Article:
Tuesday, February 19, 2013

"Refining the Columbo Tactic"

Notes taken word for word from:

“Refining the Columbo Tactic”
by Greg Koukl

"The problem is, is that we are all broken inside, and we all know this.  When I spoke at Berkeley, actually when I speak at universities, I use this illustration almost every single time and I said, "Something I know about you that you know about yourself that other people don't know because you don't want them to know, but you haven't fooled me.  What's that?  You got a bad self image.  How do I know that?  Because everybody does; everybody's broken inside and we're aware of it and we look down inside of us and we see that the broken thing is something moral, there's something evil there.  And we don't like it, but we have a feeling about it.  And that feeling about our moral brokenness has a word, and what do you think we call our feeling about our own moral brokenness?"  This is what I ask the students at Berkeley...and every place I speak.  What do you think they tell me?  "Guilt" is what they say.  Shame might fit.  Guilt is what they say, because that's what it is.  Then I ask them this question:  "Why do you feel guilty?"  I don't know, maybe because society causes feelings of guilt, and we can talk about that, that's a possibility.  How about this:  Maybe we feel guilty because maybe we are guilty.  Is that in the running?  Is that a possibility?  Of course it's a possibility, ladies and gentlemen.  This makes all the sense in the world.  ...And the answer to guilt is not denial, that's relativism!  The answer to guilt is forgiveness.  And this is where Jesus comes in."

Here is a paraphrase of what Greg Koukl said in the sermon, "Getting You into the Driver's Seat: the Columbo Tactic" which I found to be quite thought provoking:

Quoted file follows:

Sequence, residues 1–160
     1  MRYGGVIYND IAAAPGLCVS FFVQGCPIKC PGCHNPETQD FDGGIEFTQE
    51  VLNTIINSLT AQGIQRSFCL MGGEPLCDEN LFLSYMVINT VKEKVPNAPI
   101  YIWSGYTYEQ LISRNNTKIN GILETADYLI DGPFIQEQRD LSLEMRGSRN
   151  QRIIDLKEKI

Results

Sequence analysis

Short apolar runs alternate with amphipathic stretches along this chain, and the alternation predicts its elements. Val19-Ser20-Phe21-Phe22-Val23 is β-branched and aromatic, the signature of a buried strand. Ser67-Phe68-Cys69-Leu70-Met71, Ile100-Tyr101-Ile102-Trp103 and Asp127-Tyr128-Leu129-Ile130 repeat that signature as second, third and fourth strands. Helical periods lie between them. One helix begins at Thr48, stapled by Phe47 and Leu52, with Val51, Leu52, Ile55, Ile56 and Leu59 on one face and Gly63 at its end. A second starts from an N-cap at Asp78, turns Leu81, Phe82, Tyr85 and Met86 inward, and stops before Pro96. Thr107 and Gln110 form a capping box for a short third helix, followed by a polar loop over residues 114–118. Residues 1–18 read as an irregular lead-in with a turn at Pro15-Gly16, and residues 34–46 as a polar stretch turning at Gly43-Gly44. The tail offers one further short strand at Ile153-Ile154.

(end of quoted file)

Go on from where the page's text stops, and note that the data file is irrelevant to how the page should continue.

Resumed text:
"If I drew two little circles on a board, like tablet size and ask, "Are these circles basically the same?"  One would reply, "Yes."  And yet if I proceed to put a line from one and wrote "aspirin" and put a line from the other and wrote "arsenic”, it will show that they are different.  Because with the statement, "All religions basically teach the same thing", an individual is failing to realize that with all the different religions, it is the DIFFERENCES that really matter."

Here are more notes from the same sermon that expound the importance of discussion with others who refute and dismiss the claims of Christianity by their statements and then expect the Christian to take the brunt of the responsibility in answering and defending their beliefs against what was just stated by the other person:

“...to reverse the burden of proof.  Somebody tell me what the phrase “burden of proof” means.  It’s the responsibility to give evidence to prove a point of view.  Okay.  In any discussion, who is the person in the discussion who bears the responsibility to give evidence?  The person who makes the claim, okay?  It’s pretty straightforward.  If you say something is so, it’s reasonable for someone to ask you why you think it’s so; to give reasons for the view.  Now, let me tell you why this is important in our discussion here, is because for far too long, we have allowed the other side to make the claim, which amounts to a challenge.  They say this is so, and then we’ve taken the responsibility upon our own shoulders to disprove their view, if we can, rather than putting the responsibility back on their shoulders to make sense of the claim that they’ve just offered.  No more free rides, that’s the rule here, all right?  In the immortal words of Desi Arnaz “They got a lot of ‘splaining to do!” themselves.  They have just as much of an obligation to defend the assertions that they make as we have to defend the assertions that we make, right?  So whoever says it’s so has a responsibility to say WHY they think it’s so.  They bear the burden. …”


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